CAIRO: The American University in Cairo s Rare Books and Special Collections Library has received a grant of $127,450 (just over LE 731,500) from the U.S. National Endowment for the Humanities to preserve and improve access to the archives of Hassan Fathy and Ramses Wissa Wassef, two of Egypt s most prominent 20th century architects.
The architectural drawings, photographs, publications and correspondence contained in these collections are an important resource for studying the innovative buildings of Fathy and Wissa Wassef.
Both architects incorporated styles and methods of traditional Egyptian and regional architecture such as domes, wooden mashribiyya screens and mud brick construction into their designs. Two of their better-known projects are Wissa Wassef s Harraniya weaver s village near Cairo and Fathy s New Gourna village near Luxor, which he discussed in his influential 1973 book Architecture for the Poor.
Fathy and Wissa Wassef were both recognized internationally for their ideas and work, receiving numerous awards, among them the prestigious Aga Khan Award for Architecture.
The grant awarded to the library will involve cleaning and repairing items in the Rare Books Library s conservation laboratory and transferring materials to archival storage containers to ensure that they are preserved for future generations. In addition, detailed descriptions will be created to promote awareness of the collections and to enhance researchers ability to locate materials of interest.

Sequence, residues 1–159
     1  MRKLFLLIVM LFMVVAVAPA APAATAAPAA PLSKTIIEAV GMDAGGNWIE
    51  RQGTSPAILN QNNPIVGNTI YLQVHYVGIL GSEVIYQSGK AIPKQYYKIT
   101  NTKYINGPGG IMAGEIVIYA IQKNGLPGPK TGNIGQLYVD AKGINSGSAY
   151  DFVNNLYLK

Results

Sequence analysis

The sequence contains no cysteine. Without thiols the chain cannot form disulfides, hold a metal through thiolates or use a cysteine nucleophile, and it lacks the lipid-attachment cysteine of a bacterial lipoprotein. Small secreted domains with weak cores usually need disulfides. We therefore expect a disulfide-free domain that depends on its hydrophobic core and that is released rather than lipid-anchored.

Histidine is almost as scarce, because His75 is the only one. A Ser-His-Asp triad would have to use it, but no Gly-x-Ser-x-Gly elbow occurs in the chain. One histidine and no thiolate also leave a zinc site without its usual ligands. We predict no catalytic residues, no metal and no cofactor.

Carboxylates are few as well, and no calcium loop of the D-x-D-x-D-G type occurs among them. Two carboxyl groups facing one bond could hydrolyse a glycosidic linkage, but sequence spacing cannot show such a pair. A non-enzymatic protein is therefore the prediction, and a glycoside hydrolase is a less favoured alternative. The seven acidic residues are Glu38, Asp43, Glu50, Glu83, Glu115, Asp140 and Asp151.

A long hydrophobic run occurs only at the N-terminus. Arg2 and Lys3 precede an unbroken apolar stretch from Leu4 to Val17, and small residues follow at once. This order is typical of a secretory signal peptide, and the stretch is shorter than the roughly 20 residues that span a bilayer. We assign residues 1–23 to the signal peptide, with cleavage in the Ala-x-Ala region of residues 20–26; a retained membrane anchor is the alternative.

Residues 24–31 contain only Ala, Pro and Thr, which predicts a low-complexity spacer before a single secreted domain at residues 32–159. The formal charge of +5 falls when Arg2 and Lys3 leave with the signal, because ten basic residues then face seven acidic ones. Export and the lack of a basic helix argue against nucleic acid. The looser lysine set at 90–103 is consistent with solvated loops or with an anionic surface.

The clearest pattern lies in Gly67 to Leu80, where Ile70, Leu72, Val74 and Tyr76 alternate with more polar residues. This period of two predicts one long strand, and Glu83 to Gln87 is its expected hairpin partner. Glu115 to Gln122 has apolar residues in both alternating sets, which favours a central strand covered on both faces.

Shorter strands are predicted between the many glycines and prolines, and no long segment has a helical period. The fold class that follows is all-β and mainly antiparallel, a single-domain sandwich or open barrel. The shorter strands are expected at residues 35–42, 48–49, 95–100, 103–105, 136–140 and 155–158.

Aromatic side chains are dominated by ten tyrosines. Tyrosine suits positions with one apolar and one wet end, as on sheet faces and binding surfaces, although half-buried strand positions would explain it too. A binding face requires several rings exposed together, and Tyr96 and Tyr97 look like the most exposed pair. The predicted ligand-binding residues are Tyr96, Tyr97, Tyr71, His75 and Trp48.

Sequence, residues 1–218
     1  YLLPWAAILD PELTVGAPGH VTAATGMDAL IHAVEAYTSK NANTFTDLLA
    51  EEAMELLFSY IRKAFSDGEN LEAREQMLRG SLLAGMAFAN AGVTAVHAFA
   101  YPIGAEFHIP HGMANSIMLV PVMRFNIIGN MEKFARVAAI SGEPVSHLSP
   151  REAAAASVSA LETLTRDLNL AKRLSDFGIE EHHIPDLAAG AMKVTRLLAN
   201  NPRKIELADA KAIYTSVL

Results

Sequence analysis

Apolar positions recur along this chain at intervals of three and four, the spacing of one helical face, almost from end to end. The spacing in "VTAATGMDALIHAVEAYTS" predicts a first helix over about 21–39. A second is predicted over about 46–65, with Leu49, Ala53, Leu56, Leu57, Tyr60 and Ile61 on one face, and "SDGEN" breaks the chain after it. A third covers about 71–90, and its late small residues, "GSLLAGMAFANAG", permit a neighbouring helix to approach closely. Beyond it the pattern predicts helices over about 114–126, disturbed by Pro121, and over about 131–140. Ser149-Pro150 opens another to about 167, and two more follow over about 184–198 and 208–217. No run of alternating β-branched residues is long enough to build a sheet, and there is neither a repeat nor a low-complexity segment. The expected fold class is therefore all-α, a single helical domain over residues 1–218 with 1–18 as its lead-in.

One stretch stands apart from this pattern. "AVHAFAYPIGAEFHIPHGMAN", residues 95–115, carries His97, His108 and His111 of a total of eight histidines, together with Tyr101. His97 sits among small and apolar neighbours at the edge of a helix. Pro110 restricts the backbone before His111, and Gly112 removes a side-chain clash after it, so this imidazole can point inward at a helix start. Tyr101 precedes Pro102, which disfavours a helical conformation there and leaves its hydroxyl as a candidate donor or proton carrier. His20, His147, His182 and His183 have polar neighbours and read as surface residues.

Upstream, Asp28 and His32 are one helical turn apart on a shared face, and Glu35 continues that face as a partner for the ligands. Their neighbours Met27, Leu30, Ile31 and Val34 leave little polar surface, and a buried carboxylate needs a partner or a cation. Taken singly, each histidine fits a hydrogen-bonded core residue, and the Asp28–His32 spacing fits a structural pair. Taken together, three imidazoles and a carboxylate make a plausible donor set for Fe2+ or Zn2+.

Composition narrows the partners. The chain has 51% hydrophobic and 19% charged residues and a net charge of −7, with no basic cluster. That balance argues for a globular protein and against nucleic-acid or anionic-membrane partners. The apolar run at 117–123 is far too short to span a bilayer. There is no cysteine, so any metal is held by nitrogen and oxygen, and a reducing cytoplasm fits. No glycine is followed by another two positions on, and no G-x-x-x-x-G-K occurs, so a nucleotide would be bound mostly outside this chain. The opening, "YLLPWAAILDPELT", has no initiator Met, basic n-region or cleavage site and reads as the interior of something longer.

The collection includes a record of indigenous Egyptian building styles, such as Fathy s photographs of Nubian houses that were submerged later by the waters rising behind the Aswan High Dam in the early 1960s. The preservation project will increase access to AUC’s Fathy and Wissa Wassef collections to expand knowledge of the architects work and their efforts to apply traditional solutions to modern issues of housing in Egypt and other countries with desert climates.